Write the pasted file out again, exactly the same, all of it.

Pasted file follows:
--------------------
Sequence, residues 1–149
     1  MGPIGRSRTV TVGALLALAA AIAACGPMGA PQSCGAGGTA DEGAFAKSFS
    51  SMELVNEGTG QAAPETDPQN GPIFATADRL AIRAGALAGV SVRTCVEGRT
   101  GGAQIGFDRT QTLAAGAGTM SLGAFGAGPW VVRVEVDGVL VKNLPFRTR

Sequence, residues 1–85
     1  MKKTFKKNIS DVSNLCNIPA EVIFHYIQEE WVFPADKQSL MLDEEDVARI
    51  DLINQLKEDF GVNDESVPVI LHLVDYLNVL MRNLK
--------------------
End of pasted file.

Sequence, residues 1–149
     1  MGPIGRSRTV TVGALLALAA AIAACGPMGA PQSCGAGGTA DEGAFAKSFS
    51  SMELVNEGTG QAAPETDPQN GPIFATADRL AIRAGALAGV SVRTCVEGRT
   101  GGAQIGFDRT QTLAAGAGTM SLGAFGAGPW VVRVEVDGVL VKNLPFRTR

Sequence, residues 1–85
     1  MKKTFKKNIS DVSNLCNIPA EVIFHYIQEE WVFPADKQSL MLDEEDVARI
    51  DLINQLKEDF GVNDESVPVI LHLVDYLNVL MRNLK